II. Compliance Program Elements A. The Basic Compliance Elements

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The OIG believes that every effective compliance program must begin with a formal commitment by the pharmaceutical manufacturer’s board of directors or other governing body. Evidence of that commitment should include the allocation of adequate resources, a timetable for the implementation of the compliance measures, and the identification of an individual to serve as a compliance officer to ensure that each of the recommended and adopted elements is addressed. Once a commitment has been undertaken, a compliance officer should immediately be chosen to oversee the implementation of the compliance program.

The elements listed below provide a comprehensive and firm foundation upon which an effective compliance program may be built. Further, they are likely to foster the development of a corporate culture of compliance. The OIG recognizes that full implementation of all elements may not be immediately feasible for all pharmaceutical manufacturers. However, as a first step, a good faith and meaningful commitment on the part of the company’s management will substantially contribute to the program’s successful implementation. As the compliance program is implemented, that commitment should filter down through management to every employee and contractor of the pharmaceutical manufacturer, as applicable for the particular individual.

At a minimum, a comprehensive compliance program should include the following elements:

(1) The development and distribution of written standards of conduct, as well as written policies, procedures and protocols that verbalize the company’s commitment to compliance (e.g., by including adherence to the compliance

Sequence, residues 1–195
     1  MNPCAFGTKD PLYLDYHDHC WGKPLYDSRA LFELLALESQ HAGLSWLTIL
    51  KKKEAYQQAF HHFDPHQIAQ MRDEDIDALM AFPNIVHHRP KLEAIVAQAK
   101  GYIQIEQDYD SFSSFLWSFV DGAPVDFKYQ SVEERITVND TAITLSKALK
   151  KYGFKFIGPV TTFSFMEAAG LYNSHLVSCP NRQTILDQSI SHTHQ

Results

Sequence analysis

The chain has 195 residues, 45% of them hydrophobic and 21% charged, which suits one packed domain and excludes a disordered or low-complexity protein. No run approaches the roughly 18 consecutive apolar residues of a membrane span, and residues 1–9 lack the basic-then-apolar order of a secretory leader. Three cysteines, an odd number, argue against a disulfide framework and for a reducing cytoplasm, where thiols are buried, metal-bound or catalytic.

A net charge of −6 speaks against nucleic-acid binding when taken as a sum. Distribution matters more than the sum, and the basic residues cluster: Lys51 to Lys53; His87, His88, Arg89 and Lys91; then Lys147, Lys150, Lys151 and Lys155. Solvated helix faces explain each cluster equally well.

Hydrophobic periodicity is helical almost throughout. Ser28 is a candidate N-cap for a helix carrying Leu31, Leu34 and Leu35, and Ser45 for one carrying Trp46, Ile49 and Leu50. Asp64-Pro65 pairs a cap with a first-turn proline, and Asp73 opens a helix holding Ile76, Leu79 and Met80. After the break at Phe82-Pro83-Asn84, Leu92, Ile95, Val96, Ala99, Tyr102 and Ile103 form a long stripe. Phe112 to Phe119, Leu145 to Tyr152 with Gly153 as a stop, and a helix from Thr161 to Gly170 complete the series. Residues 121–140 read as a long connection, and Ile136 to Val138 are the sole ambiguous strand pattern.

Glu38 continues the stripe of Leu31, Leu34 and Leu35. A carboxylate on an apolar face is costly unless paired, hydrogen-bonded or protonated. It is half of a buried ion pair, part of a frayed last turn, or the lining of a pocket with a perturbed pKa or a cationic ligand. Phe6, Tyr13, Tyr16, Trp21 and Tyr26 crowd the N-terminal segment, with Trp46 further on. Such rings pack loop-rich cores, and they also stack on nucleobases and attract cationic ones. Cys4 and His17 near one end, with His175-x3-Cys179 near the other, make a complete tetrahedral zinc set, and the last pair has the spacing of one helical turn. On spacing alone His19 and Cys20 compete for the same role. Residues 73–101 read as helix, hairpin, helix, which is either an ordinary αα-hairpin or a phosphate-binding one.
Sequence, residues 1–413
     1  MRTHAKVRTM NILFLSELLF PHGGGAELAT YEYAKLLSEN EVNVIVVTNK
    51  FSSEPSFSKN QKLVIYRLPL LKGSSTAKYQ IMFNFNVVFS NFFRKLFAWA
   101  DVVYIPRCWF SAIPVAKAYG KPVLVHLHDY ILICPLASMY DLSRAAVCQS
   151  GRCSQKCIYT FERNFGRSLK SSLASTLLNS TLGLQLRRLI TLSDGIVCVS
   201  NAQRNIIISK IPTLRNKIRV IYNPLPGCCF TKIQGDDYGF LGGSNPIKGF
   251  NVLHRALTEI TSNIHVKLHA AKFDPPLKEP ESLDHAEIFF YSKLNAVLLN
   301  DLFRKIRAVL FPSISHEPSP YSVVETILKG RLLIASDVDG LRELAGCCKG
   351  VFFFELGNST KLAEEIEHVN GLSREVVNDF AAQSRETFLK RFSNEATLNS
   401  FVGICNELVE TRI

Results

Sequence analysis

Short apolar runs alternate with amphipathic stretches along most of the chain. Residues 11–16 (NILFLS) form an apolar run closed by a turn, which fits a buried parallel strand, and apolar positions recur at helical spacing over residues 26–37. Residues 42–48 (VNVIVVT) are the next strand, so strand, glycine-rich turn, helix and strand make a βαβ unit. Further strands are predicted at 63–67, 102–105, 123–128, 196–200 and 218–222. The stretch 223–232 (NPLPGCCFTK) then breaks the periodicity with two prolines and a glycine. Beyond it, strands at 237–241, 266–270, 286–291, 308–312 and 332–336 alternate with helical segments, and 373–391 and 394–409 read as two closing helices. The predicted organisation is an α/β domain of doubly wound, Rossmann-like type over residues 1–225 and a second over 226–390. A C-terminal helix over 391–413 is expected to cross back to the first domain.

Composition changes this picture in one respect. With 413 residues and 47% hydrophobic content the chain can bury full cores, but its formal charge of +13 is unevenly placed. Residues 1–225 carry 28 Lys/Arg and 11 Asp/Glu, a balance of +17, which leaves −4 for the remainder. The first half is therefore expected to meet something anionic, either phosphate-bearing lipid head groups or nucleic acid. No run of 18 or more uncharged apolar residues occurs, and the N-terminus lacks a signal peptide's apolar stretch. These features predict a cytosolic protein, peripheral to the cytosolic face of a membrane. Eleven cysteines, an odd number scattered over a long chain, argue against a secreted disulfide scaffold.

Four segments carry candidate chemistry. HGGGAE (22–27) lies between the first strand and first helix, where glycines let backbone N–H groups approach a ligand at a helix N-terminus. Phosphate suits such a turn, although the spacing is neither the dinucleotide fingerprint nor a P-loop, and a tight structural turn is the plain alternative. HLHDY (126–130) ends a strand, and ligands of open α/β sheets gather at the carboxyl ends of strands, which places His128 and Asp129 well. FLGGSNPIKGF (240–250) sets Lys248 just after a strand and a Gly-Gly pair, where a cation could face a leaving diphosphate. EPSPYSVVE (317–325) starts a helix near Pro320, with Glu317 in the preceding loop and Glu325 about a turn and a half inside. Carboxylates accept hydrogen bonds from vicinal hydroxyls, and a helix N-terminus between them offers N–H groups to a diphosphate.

program as an element in evaluating management and employees) and address specific areas of potential fraud and abuse, such as the reporting of pricing and rebate information to the federal health care programs, and sales and marketing practices;

(2) The designation of a compliance officer and other appropriate bodies (e.g., a corporate compliance committee) charged with the responsibility for developing, operating, and monitoring the compliance program, and with authority to report directly to the board of directors and/or the president or CEO;

(3) The development and implementation of regular, effective education and training programs for all affected employees;

(4) The creation and maintenance of an effective line of communication between the compliance officer and all employees, including a process (such as a hotline or other reporting system) to receive complaints or questions, and the adoption of procedures to protect the anonymity of complainants and to protect whistleblowers from retaliation;

(5) The use of audits and/or other risk evaluation techniques to monitor compliance, identify problem areas, and assist in the reduction of identified problems;

(6) The development of policies and procedures addressing the non-employment or retention of individuals or entities excluded from participation in federal health care programs, and the enforcement of appropriate disciplinary action against employees or contractors who have violated company policies and procedures and/or applicable federal health care program requirements; and

(7) The development of policies and procedures for the investigation of identified instances of noncompliance or misconduct. These should include directions regarding the prompt and proper response to detected offenses, such as the initiation of appropriate corrective action and preventive measures and processes to report the offense to relevant authorities in appropriate circumstances.

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